The Scottish Government recognises that domestic abuse is always wrong, regardless of gender. The Government is committed to tackling domestic abuse and ensuring that all those who are affected by it are given the support that they need and that those who perpetrate it are dealt with effectively.
The Scottish Government's approach to tackling domestic abuse is based on evidence that has been gathered over several decades in Scotland, in the rest of the UK and internationally, which tells us that women are disproportionately affected by domestic abuse, both in its severity and in its sustained nature. That is why we target resources and work with partners to develop services as we do.
Although it acknowledges the fact that the majority of domestic abuse cases involve male abuse of females, Home Office and British crime survey research has repeatedly found that men are much less likely to report violent domestic abuse. Given that the Welsh Assembly now funds a project that provides services that are appropriate for men and same-sex couples, will the Government ensure that all the victims of violent domestic abuse and the children who witness it are given the same support?
Yes, the support should be given regardless of gender. I am glad that Mary Scanlon acknowledged in her introduction that the evidence base shows that the vast majority of domestic violence cases—which are deplorable whoever they affect—affect women. Women are victims in the vast majority of such cases. However, we will keep the situation under review. Mary Scanlon will be interested to know that the new statistics for 2007-08 are due for publication on Tuesday 25 November, after which she may want to return to the issue.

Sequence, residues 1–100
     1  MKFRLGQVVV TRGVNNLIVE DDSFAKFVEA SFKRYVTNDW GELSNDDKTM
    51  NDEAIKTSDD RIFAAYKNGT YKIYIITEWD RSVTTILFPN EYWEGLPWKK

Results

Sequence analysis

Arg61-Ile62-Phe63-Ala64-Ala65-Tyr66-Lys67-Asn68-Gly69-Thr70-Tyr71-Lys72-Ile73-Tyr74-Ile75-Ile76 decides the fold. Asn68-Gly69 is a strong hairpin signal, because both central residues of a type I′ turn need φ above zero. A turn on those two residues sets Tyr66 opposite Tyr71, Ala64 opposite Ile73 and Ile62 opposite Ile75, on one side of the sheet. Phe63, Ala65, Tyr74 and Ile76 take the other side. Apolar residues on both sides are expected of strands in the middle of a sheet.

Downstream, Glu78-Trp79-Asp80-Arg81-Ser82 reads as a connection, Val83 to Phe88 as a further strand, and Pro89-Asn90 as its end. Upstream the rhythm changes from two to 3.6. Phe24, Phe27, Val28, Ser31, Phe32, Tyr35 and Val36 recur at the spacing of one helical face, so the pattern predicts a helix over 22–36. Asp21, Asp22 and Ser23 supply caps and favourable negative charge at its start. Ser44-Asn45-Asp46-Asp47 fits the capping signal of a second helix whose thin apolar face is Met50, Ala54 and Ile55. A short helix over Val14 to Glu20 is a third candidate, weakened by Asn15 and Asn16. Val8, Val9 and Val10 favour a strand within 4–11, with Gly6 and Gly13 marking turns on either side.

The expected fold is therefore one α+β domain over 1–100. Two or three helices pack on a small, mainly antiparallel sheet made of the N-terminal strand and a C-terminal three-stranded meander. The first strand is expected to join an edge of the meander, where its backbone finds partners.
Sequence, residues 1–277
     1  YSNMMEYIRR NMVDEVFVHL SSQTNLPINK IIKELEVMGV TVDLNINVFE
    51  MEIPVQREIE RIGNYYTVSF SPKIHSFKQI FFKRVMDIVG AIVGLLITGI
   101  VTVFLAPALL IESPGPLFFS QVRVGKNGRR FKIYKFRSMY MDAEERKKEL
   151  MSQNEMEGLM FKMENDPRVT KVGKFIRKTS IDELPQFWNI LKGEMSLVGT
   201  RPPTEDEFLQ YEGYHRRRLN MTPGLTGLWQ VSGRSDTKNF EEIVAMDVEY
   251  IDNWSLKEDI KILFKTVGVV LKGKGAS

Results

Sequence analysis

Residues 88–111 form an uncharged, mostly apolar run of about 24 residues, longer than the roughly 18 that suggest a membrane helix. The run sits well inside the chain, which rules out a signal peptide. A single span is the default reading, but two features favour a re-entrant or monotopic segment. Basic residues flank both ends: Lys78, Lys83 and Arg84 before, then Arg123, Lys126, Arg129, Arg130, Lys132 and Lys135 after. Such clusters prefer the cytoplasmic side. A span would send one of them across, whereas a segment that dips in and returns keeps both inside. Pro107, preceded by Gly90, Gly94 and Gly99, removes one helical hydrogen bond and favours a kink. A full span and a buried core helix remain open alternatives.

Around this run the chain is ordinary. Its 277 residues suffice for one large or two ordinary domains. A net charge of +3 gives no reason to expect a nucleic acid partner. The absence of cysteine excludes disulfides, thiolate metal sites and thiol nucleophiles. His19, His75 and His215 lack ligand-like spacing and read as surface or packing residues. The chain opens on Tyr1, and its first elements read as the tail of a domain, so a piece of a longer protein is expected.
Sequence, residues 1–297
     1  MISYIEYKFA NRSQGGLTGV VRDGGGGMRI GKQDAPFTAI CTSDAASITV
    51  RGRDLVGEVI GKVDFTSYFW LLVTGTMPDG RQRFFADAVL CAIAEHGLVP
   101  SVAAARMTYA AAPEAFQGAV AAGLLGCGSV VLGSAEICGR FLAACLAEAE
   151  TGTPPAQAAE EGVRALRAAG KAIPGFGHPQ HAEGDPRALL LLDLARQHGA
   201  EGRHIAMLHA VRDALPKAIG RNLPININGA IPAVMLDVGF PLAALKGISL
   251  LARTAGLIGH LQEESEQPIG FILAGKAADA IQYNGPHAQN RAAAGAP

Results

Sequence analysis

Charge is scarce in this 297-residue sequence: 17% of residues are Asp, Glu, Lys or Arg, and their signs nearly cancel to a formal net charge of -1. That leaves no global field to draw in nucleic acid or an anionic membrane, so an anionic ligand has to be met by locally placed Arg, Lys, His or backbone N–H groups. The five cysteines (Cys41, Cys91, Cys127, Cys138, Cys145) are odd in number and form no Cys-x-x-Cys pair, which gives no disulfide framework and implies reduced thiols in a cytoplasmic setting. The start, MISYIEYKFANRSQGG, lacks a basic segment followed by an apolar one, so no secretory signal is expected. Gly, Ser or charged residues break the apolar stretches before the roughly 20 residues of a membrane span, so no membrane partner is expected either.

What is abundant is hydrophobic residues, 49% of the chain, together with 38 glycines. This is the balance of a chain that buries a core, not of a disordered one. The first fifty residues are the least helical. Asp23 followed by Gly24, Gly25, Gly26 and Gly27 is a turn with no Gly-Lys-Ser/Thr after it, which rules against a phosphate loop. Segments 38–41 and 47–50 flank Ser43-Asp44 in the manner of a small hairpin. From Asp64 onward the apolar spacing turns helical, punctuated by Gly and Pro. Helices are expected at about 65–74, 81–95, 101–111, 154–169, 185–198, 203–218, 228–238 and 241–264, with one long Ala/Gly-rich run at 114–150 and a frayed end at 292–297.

The Scottish Government recognises that elder abuse is a sad reality that is too often hidden. However, the Adult Support and Protection (Scotland) Act 2007, which became law on 29 October, just a few weeks ago, puts in place modern and strengthened measures to afford greater protection to those adults in Scotland who are most at risk of harm.